LTRO 2 101: Top-DownZH
SocGen expects 300-400bn: The LTRO cannot be completely separated from another key event, just a couple of days later: the EU 1-2 March Summit. A large LTRO and a 50% increase to €750bn of the rescue mechanism would be 'risk-on' (would also make us heavy sellers of Bunds vs swaps)

LTRO 2 102: Projected LTRO Take Up By BankZH
Draghi said there is no stigma trade. We proved him wrong, at least in the interim. LTRO 2 will finally decide who is right and who is wrong.

The euro, the L-throwalphaville / FT
Views from Morgan Stanley and Credit Suisse, all their scenarios are either euro neutral or negative.

The “L-troh”, the credit crunch, and the carry tradealphaville / FT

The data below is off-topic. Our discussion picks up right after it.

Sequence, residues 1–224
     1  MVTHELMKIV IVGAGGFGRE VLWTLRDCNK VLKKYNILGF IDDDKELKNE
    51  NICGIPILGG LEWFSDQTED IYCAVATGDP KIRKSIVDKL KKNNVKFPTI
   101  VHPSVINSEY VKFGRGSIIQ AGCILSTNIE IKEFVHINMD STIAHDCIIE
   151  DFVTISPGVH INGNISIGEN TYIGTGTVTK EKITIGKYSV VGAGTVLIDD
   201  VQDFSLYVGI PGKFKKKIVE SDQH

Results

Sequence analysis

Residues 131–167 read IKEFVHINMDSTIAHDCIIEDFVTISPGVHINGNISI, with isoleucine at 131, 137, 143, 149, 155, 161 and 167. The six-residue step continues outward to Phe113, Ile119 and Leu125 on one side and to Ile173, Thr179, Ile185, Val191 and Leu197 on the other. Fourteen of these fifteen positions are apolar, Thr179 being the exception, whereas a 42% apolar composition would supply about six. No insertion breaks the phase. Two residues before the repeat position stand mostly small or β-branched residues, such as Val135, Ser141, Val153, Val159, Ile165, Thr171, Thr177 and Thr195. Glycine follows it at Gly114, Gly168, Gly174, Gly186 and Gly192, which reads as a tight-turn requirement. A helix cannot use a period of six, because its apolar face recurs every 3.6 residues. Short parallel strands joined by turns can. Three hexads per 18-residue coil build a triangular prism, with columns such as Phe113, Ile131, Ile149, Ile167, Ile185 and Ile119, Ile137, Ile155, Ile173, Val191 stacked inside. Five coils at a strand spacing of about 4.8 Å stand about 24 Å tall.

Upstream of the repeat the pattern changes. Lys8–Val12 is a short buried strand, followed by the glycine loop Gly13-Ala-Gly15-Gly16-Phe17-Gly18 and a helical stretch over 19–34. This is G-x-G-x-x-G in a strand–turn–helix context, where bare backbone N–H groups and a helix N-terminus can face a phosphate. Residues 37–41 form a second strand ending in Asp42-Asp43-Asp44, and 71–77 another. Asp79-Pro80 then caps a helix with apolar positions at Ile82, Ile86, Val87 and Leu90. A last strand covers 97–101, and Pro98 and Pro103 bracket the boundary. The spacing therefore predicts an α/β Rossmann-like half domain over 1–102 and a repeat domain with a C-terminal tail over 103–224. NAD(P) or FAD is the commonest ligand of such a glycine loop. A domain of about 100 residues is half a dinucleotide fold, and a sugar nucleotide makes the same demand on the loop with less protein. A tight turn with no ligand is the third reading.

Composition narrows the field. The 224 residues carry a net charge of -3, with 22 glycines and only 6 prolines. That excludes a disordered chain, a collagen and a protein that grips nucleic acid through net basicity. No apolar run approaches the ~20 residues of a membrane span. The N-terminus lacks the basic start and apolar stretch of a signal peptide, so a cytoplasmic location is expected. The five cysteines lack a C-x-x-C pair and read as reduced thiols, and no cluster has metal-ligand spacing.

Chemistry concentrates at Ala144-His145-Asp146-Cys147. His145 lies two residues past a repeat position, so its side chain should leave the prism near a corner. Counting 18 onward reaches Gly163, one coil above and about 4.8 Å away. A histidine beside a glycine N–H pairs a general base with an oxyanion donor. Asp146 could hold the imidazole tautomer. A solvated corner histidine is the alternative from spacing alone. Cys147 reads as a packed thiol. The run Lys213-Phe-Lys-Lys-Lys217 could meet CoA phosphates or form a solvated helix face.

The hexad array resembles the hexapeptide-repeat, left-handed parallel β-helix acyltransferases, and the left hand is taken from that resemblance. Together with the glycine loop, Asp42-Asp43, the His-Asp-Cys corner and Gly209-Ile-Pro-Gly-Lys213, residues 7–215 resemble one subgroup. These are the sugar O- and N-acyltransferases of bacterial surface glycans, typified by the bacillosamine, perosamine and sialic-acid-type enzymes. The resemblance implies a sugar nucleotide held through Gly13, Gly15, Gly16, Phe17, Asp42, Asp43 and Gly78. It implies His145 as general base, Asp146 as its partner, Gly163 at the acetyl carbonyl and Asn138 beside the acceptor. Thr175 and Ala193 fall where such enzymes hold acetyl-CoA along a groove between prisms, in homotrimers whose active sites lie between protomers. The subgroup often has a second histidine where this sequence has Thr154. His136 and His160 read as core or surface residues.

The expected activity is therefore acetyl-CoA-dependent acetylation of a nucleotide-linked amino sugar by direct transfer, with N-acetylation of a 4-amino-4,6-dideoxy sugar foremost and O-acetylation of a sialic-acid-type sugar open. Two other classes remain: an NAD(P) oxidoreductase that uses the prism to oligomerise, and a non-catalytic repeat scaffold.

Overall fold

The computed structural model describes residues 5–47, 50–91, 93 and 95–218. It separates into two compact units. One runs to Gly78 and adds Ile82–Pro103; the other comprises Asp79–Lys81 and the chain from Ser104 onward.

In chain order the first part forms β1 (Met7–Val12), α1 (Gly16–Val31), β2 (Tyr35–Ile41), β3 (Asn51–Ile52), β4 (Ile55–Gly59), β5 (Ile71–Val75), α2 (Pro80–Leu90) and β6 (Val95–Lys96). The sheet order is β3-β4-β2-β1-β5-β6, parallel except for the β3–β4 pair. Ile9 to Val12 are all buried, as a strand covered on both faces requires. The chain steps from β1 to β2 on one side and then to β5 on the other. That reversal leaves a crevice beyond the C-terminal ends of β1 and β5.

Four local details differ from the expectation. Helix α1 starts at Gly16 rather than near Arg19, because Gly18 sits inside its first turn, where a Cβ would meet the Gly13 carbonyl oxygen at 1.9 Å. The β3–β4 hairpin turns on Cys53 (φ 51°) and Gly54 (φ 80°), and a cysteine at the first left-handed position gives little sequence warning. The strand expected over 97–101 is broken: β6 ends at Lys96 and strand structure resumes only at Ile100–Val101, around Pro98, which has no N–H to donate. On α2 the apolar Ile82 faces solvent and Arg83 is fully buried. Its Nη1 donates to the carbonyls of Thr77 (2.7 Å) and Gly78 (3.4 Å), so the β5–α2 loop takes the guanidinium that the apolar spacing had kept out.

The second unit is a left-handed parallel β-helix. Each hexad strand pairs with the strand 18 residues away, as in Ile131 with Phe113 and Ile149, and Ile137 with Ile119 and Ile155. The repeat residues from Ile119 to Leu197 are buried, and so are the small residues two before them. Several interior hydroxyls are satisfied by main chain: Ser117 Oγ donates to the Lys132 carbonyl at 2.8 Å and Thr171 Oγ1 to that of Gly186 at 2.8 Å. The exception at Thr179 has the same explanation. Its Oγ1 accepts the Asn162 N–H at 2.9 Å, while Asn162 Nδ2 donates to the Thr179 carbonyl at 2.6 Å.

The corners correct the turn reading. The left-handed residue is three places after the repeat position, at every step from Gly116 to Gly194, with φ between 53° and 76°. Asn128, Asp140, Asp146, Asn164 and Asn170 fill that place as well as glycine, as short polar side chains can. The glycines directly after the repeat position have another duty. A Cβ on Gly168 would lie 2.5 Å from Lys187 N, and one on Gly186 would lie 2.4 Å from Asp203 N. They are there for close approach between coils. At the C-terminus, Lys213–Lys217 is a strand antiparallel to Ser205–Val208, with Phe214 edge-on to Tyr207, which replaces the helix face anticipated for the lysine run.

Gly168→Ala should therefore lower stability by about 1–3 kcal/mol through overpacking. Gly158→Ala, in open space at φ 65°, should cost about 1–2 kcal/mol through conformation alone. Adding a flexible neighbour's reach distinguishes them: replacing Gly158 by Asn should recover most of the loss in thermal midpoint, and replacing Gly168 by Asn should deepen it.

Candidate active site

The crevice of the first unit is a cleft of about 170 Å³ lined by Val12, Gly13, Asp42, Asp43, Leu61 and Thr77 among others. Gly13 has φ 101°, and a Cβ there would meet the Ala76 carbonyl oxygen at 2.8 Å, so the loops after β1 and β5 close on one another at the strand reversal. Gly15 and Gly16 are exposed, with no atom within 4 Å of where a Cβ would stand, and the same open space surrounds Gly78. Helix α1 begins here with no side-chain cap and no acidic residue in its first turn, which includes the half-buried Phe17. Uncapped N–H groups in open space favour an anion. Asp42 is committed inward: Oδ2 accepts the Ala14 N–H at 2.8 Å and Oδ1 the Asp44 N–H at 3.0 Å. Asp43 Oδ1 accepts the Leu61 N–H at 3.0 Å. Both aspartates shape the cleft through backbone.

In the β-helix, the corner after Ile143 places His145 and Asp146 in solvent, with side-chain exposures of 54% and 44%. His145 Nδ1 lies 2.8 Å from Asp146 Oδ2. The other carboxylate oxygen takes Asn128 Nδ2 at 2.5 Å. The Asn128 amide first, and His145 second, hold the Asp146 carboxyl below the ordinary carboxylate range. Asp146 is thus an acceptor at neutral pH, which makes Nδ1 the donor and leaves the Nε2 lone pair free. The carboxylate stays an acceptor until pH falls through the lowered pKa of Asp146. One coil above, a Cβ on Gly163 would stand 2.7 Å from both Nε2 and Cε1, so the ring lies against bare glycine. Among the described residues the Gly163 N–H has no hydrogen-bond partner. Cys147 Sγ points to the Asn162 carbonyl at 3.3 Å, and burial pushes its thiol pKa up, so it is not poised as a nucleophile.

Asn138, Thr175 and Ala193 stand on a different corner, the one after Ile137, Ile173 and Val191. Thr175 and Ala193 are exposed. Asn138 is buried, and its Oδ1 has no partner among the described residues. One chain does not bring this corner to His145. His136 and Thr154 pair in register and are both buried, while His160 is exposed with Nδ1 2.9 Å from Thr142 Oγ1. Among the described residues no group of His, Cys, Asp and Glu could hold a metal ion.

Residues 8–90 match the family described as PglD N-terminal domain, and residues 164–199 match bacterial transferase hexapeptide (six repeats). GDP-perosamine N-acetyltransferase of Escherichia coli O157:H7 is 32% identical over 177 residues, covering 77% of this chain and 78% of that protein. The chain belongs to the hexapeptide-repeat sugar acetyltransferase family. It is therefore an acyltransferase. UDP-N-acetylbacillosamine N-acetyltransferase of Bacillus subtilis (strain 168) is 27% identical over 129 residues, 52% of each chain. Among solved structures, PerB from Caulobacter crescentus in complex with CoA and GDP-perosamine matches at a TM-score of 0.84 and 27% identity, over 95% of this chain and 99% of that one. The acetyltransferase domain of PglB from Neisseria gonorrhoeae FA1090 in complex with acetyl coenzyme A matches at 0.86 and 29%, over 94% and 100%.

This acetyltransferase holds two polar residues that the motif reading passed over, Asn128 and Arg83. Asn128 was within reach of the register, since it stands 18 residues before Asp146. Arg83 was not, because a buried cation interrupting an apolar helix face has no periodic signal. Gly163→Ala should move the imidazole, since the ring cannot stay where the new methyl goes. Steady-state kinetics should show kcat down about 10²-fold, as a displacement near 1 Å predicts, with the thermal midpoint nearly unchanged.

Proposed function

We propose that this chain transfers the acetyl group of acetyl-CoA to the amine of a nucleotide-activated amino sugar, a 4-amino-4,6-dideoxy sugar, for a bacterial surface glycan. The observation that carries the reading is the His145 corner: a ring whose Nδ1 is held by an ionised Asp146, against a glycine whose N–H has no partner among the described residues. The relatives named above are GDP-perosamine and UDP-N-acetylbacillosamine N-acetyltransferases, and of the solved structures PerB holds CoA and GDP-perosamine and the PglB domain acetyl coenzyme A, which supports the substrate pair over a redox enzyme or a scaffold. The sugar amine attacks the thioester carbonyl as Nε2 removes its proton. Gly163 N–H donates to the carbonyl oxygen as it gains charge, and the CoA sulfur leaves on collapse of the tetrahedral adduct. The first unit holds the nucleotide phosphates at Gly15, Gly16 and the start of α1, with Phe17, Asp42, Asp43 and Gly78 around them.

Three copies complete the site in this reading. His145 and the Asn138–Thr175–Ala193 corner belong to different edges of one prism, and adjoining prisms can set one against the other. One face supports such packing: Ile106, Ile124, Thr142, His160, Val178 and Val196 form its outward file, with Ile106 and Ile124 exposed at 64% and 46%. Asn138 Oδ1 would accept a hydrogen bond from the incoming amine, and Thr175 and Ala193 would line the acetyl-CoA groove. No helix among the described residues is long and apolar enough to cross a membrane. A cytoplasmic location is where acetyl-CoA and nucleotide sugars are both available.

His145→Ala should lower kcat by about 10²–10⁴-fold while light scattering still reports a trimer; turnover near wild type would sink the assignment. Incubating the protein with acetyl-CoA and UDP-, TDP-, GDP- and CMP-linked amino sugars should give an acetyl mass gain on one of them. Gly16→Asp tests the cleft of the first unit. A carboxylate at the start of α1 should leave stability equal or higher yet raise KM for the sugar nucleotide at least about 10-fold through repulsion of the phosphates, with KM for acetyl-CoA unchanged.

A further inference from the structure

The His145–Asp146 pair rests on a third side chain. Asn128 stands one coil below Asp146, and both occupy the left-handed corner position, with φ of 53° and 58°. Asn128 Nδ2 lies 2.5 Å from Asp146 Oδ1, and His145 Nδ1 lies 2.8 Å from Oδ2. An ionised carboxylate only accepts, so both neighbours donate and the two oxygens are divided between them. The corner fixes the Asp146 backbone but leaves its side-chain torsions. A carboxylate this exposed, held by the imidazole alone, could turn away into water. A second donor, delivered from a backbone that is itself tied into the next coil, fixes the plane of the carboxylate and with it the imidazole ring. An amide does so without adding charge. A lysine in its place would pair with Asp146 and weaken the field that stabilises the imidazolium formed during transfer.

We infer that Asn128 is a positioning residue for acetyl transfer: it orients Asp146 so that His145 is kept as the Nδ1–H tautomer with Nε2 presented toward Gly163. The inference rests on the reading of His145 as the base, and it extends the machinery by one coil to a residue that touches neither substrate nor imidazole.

Views from Nomura, SocGen and RBC. Alphaville comments: this is more about propping up banks and ailing peripheral sovereigns…The increased uptake from Italian and Spanish banks is the real message though, and it looks like both will be back in force for round two.

How Banks Will Use This Week's 3-Year LTRO BI
SocGen has a roundup of how banks -- through media reports and publicly stated intentions -- intend to use this operation.

Here Is Why Someone Will Be Disappointed By The LTROZH
Goldman Sachs surveyed its clients and found a gaping divide between banks and investors with the latter expecting considerably more than the banks - it seems someone will be disappointed - investors hope for more and banks expect to do less.

ECB wall of cash averts credit crunchReuters
The euro zone avoided a credit crunch in January but banks showed scant sign of lending on the funds they snapped up at the European Central Bank's first 3-year lending operation to companies which have been starved of investment funds.